A column regurgitating our thoughts sounded quite boring, but we were inundated with requests to put this all into words and try to gain a corrected view as to where the Orioles are and where they are going or maybe even what would have been. Avid followers of the media have heard the official line of Adam Jones, which can be paraphrased as it is all good, no harm no foul, and now we have money available to address needs that become more apparent mid-season. That should resound a bit as last year Tommy Hunter was almost assuredly jettisoned in order for payroll to appear for Gerardo Parra.
I also asked a couple of folks in the industry: one an analyst and the other a pro scout. What is transcribed is more or less my memory of those chats (I will correct if they tell me if my memory is poor):
JS: What is your take on the Fowler to Cubs news?
Analyst: Surprising, very surprising. The Cubs were up there running laps with their talent and somehow they get him at half the QO price. Demoralizing a bit. It also must stink for those in the Orioles front office.
JS: Specifically, what?
A: He was a guy they wanted. They were not getting much, if any, discount on him. They were going to give up a draft pick. As much as you can for a guy like that, they had internally come to terms with the cost and appeared eager to get him. When you lose out on that at the end of the year when nothing else is out there, it hurts. I imagine they are pinging agents and general managers, but they have little to give.
JS: Where do you think the Orioles are now without Fowler?Those are only two voices, but they fall in line with my general thoughts on the matter. I also decided to gin up some batting lineup modeling that takes into account batting and baserunning. These are not perfect models, but it suggests how certain players may affect the production of the lineup.
Pro Scout: Where were they before?
JS: You think he would not have helped the team?
PS: Listen, he is a good player. A guy who can put up fringe first division numbers is a good player. A role player. You do not set your watch to him. He complements the rest of the squad. If he is making or breaking your season, then you probably do not understand who Fowler is. With the Orioles, he has a skill set that would make a number of things easier. He fits the lineup well and he can provide some backup help in center if anything happens to Jones. With the Cubs, he is a 0-20 away from becoming a fourth outfielder. They have depth and they meant more to them than a comp pick. My guess is they are taking the three month look at this and will have outfielders to deal to fill in any holes in June. This is the kind of guy who is around at the end of the year. QOs do not impact meaningful players.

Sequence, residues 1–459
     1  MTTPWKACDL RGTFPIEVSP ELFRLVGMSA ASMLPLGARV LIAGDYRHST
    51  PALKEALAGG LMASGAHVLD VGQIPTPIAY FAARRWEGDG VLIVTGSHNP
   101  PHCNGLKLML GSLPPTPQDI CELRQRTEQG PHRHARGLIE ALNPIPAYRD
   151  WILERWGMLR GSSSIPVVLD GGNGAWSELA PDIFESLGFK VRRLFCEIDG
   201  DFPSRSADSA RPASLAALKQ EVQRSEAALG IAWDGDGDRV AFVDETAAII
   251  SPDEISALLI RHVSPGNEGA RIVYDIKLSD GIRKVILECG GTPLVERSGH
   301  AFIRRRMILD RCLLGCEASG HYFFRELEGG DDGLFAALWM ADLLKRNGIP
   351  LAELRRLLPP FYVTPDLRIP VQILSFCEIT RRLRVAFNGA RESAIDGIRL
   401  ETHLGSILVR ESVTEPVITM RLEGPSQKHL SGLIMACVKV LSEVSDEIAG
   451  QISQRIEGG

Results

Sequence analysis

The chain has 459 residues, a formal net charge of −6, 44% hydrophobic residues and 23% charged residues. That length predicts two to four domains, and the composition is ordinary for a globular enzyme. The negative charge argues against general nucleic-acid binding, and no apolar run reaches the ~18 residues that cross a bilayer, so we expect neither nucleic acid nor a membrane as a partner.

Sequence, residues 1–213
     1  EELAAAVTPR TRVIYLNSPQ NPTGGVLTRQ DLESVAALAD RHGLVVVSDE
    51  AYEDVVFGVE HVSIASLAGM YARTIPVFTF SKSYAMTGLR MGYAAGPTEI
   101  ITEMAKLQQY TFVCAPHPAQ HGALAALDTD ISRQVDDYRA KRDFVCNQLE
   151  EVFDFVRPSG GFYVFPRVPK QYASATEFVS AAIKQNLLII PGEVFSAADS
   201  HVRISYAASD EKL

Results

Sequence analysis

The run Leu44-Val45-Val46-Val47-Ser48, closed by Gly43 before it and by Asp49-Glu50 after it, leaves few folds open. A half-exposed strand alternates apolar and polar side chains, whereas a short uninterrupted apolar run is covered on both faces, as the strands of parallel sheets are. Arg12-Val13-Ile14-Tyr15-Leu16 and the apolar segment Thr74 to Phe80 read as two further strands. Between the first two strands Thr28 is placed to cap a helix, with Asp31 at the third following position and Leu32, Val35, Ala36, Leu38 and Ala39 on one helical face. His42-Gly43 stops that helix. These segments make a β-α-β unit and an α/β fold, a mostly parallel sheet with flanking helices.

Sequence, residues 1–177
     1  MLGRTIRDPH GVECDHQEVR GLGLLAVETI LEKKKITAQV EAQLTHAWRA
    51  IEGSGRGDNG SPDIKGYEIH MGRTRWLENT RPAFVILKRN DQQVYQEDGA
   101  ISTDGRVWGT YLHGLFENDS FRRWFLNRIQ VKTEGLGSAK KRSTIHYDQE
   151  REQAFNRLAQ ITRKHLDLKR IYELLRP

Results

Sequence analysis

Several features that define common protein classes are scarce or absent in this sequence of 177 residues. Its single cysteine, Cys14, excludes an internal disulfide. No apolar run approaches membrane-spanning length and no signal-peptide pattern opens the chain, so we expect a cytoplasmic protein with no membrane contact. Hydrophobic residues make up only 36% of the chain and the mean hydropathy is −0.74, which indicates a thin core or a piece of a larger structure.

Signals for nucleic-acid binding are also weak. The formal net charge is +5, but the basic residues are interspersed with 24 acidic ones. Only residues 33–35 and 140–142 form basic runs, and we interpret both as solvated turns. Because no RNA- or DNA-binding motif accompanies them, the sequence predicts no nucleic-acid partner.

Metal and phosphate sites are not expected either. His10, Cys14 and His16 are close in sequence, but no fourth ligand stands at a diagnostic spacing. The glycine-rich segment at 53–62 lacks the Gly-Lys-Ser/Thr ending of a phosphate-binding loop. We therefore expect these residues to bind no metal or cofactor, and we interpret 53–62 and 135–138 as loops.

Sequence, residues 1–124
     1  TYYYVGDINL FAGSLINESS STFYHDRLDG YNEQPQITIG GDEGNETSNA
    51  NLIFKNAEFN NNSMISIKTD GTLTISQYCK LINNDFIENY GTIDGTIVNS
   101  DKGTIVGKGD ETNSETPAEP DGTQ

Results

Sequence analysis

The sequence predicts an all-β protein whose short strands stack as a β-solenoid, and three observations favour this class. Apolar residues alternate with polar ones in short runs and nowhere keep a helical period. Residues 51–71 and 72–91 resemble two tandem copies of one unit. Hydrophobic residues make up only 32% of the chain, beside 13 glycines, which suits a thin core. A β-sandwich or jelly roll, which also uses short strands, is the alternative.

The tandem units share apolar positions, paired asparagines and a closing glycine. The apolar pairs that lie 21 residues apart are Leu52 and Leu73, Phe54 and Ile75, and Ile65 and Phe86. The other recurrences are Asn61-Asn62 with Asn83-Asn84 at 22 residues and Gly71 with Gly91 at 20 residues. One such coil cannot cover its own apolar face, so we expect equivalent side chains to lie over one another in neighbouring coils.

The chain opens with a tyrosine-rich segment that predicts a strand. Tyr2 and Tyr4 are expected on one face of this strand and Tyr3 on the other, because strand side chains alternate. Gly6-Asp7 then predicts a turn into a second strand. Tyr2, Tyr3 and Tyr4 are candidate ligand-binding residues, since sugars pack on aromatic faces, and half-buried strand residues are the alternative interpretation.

JS: Why did he turn down the Orioles money?
PS: I don't know. Some guys want flexibility. His family supposedly liked it in Chicago and he had a better experience there than some of the other places he had been. He obviously was not excited to come to Baltimore and do you really want a guy on a three year deal coming into the clubhouse whose heart you have to win over. I am not saying chemistry is everything, but it is not nothing.
Here is a handful of players I thought up and plugged into the model:
The above obviously does not take into account fielding prowess of any of the players. The Baseline is defensively worth about -10 runs, which would be the same as the David Murphy, Pedro Alvarez, David Freese, and Matt Kemp options. At -5, Dexter Fowler, Jay Bruce, and Nick Markakis. Austin Jackson and Oswaldo Arcia fall in either at league average or +5. Marcel Ozuna is either at +5 or +10. Anyway, that is the rough way to look at it through this one data science way of looking at it.
xRuns Change Baseline 747 Dexter Fowler 760 13 Austin Jackson 747 0 David Murphy 749 2 Pedro Alvarez 754 7 David Freese 754 7 Jay Bruce 749 2 Matt Kemp 759 12 Nick Markakis 759 12 Oswaldo Arcia 758 11 Marcel Ozuna 756 9
If you want to look at it from a win perspective, about 9 runs is the value of an added win.
In conclusion, the loss of 13 to 18 runs is obviously not good, but the larger question of how good a team the Orioles are is a bit more open ended. Analytics range on this from a distant fifth (thanks, PECOTA) to perhaps a mid AL East table team (hi there, ZiPS). For a team like that, 13 to 18 runs is not all that meaningful because so many other things needs to go right for the club to make that jump up into the next realm. Those things going right include Chris Davis maintaining performance, Jonathan Schoop taking another step, J.J. Hardy actually having two working arms, and the rotation not repeating last year. It is a steep order, but one that might well happen.
This brings up back to Adam Jones and the value of having money left to spend mid-season. So many of those things have to go right, that we should assume that some will go wrong. Having money mid-season means that under that more restrictive market, you still have the financial wherewithal to fill an actual need as opposed to a projected need (which is what signing Dexter Fowler resolved, a projected need). That might well be the best way to go about it. We shall see.